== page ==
For instance, if you are planning a trip to Tokyo but hope to visit Osaka, then buy the JR Hokuriku Arch Pass. If you are merely exploring within an area such as Hokkaido, buy the JR Hokkaido Rail Pass.
For travels within a city, you may also want to get smart cards, such as the Suica or Icoca, which function like ez-link cards.
If you are looking forward to a trip to Tokyo, but have also planned visits to other parts of the country, get the JR Whole Japan Rail Pass.
A seven-day ($350), 14-day ($557) or 21-day ($713) ordinary car Whole Japan Rail Pass can be bought from Klook's JR Pass booking page, where you can pick a suitable pass for your trip via its interactive map. The map lets you zoom into specific regions and JR passes for the area will pop up.
Klook is giving a $30 voucher for every JR Whole Japan Rail Pass bought through it.
After the purchase, an exchange order will be delivered to you. The exchange order is valid for 90 days from the day of booking.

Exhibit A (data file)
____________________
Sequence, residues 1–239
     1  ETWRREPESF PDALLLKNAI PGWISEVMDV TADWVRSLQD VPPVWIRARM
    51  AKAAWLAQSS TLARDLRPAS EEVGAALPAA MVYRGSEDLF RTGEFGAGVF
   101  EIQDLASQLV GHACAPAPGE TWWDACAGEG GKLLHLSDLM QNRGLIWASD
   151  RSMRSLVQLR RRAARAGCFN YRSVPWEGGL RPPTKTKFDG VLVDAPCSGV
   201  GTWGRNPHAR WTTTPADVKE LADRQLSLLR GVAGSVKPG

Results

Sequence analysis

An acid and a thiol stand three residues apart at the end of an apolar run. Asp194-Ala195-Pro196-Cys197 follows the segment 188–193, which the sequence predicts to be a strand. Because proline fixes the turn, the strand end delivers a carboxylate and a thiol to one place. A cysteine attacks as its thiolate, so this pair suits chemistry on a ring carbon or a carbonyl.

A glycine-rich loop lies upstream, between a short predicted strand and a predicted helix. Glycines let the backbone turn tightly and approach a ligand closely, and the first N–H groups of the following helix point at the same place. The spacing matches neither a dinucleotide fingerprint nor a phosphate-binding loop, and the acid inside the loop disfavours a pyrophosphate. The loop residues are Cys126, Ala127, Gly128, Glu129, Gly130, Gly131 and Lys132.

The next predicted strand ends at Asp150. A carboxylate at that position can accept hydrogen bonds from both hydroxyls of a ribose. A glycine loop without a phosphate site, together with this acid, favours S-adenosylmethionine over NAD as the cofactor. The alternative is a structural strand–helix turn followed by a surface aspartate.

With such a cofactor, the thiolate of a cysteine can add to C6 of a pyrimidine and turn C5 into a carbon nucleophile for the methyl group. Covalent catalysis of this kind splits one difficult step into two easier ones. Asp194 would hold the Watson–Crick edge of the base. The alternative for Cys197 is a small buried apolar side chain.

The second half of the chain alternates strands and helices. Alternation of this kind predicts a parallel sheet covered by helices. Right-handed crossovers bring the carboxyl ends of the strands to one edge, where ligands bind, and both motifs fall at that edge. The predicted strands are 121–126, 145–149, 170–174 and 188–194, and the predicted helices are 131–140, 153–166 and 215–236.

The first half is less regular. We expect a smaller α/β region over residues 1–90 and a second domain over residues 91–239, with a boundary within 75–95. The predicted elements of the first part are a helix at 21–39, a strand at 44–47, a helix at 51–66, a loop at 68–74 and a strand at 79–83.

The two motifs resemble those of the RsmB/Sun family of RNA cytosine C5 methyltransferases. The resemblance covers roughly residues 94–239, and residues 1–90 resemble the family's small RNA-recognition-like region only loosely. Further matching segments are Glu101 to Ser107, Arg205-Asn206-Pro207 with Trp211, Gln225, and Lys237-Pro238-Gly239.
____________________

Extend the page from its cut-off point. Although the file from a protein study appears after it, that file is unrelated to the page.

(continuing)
Once in Japan, you can go to any of the JR offices located in airports and main train stations to redeem the actual pass with your exchange order and passport.
You are now ready for your rail adventure. JR Pass holders can skip the automatic gates at the stations by presenting their pass to the staff at the manned counter.
For the uninitiated, the train journey can be as fascinating as the destination. For instance, the Aso Boy! offers panorama seating at both ends of the train, allowing picturesque scenes to unfold from the windows.
The popular train, which has a wide collection of picture books and a pit filled with wooden balls to keep restless children occupied, travels between the coastal city of Oita and Aso, best known for Mount Aso, the largest active volcano in Japan.
There are other unique rides on the rail network, from powerful steam locomotives like the jet-black SL Hitoyoshi to cutesy ones such as the Pokemon With You train.
The SL Hitoyoshi, which chugs down the line from the rustic Kumamoto countryside to the former castle town of Hitoyoshi, has historical displays and classic interiors that train enthusiasts will appreciate.
The adorable Pikachu-themed Pokemon With You train, which runs between cities Ichinoseki and Kesennuma, was designed to cheer up children in the tsunami-wrecked areas of Tohoku.
ST readers can get a $10 discount when they use the promo code KLOOKST. Terms and conditions here.